Article:

The new formula for corporate reputation

Written by Ann Francke OBE Tuesday 15 September 2020
Yes, the pandemic and economic downturn have pushed many companies into survival mode, but by demonstrating that you operate to metrics beyond profit and loss, you can build a new, deeper relationship with your customers
anne francke

To help us understand what we mean by “corporate reputation” and why it matters, I was joined by Jane Wakely, lead CMO from Mars, and Sandra McLeod, group CEO at Echo Research, for the latest CMI Better Managers Briefing. Here’s what they had to say...

Fundamental to business success

Reputation fundamentally leads to trust, and trust drives both internal and external behaviours, Sandra explains. Analysts estimate that an organisation’s reputation is worth 20-30% of market cap (across the FTSE and S&P).

As such, like any other valuable business asset, reputation needs proper systems, processes and discipline in place. “Yet it is often left to chance,” Sandra says.

Core to reputation is the concept of mutuality of benefit, Jane says. “Companies that take shortcuts and don't create mutuality with every element of the stakeholder group will suffer either financially, reputationally or both,” Jane adds.

At Mars, corporate reputation is recognised as a priority primarily for attracting and retaining talent. “I joined Mars almost 19 years ago for the brands and the business opportunity, but I stayed for the values and principles that match my own,” Jane explains.

Corporate reputation is not the end in itself; at its most fundamental, it requires organisations to understand why they exist, what their deep purpose is and what success looks like for them, Jane says.

Measuring reputation beyond financial performance

Corporate reputation needs to move beyond a box-ticking exercise if it is to become a true driver of performance. “Authenticity and trust are never more important than in a crisis,” Jane says. Covid-19 has exposed those companies that are simply paying lip service to the purpose they claim to have. Others meanwhile have used Covid-19 as an excuse to either behave badly or take shortcuts.

In addition to financial performance, Mars measures success across a range of metrics, which include its impact on the environment and society, and its corporate reputation. “The old form of capitalism where only the bottom-line counts is long gone,” Jane says.

Increasingly success must hinge on how we make meaningful and measurable impacts on the broader society, Jane says.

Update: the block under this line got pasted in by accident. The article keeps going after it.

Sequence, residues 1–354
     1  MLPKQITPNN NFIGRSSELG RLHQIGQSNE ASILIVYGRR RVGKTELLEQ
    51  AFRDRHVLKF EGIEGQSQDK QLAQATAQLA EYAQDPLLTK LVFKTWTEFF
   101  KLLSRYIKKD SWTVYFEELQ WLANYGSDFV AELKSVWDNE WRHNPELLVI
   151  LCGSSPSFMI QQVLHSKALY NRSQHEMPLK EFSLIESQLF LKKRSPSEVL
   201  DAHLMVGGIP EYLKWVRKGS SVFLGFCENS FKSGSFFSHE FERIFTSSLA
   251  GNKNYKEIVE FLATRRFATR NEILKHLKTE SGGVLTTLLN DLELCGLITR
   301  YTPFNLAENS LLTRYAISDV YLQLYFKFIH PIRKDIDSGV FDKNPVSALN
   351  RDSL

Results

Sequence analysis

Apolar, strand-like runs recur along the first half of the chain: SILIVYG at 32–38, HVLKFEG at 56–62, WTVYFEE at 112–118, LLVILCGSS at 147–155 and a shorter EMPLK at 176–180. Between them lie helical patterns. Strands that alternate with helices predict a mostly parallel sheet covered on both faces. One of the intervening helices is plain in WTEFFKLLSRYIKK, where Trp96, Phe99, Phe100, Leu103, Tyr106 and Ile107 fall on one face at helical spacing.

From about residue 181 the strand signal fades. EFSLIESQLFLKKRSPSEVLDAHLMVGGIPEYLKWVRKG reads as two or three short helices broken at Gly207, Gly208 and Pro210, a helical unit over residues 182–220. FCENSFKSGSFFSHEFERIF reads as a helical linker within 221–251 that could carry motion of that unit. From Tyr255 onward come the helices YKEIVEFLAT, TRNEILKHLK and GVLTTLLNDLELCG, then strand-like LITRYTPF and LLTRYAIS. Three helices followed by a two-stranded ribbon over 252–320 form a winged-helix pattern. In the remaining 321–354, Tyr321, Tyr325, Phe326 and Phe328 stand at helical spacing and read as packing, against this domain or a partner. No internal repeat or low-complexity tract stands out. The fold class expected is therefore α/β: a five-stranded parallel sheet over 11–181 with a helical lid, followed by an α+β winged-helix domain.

“Quite a few organisations are just struggling to survive right now but for those with an eye on the future corporate reputation needs to be a priority,” Sandra adds.

Reputation equals Performance minus Expectation

The above equation defines reputation for Sandra. The experience of Covid-19 has resulted in a dramatic shift in expectations among both employees and customers, she believes. “People want to work with organisations that are implementing systemic change, rather than something that is driven out of the CSR department. Customers identify with the brands that they choose, and want to know that they are contributing to a better world.”

Corporate reputation is no longer a nice-to-have; it’s a need-to-have in the business world, Sandra says. “If boards are asking for it, certainly investors, employees and customers are too.”

“Let us see it as an opportunity for innovation for brilliance rather than something at the bottom of the management agenda. Companies that lead the way on this can truly shape the future,” Jane says.

How to accelerate the journey

People at all levels of the organisation – from leadership and manager level down to employees – want to be part of that change. Investment in training and development and education is money well spent, particularly in areas such as empathy and recognising stress signals, Sandra says.

Sandra also advocates building coalitions of support for something that you believe in strongly among your peers. It’s important to walk the walk and not just talk the talk, she urges. “Don't just tell people, but actually show that you live it.” And recognise this as a journey, using data to show progress and highlight areas that need additional support or resources.

Opportunity from crisis

Turning the crisis of the past few months into competitive advantage depends on four Ps, Jane says. You must listen to your associates and consumers and have a real-time ‘pulse’ of what's going on. The ability to ‘pivot’ and respond to changes and shifts in customer behaviour is essential.

Similarly, having corporate values and a sense of ‘purpose’ in the broadest sense enables a level of entrepreneurialism and empowerment “because if you act in line with your purpose, your values and principles, you can give tremendous freedom to your associates to act,” Jane explains. Jane’s fourth P is ‘performance’. “We have to measure what's important to us, and P&L is no longer enough. We need a broader set of metrics,” she says.

The value of social listening

Mars has more recently turned to real-time social listening, looking at people's search queries – to understand their concerns, for example. about their pets during the pandemic.  “It has enabled us to flex our content, our products and services very rapidly to respond to changing needs,” Jane explains.

Sandra agrees that social listening presents huge potential benefits to business. “It's like a laser gun,” she says. “Where do you want that laser to focus and what sort of discussions and issues are relevant for that particular group?”

You can watch the conversation with Jane Wakely and Sandra McLeod in full here.

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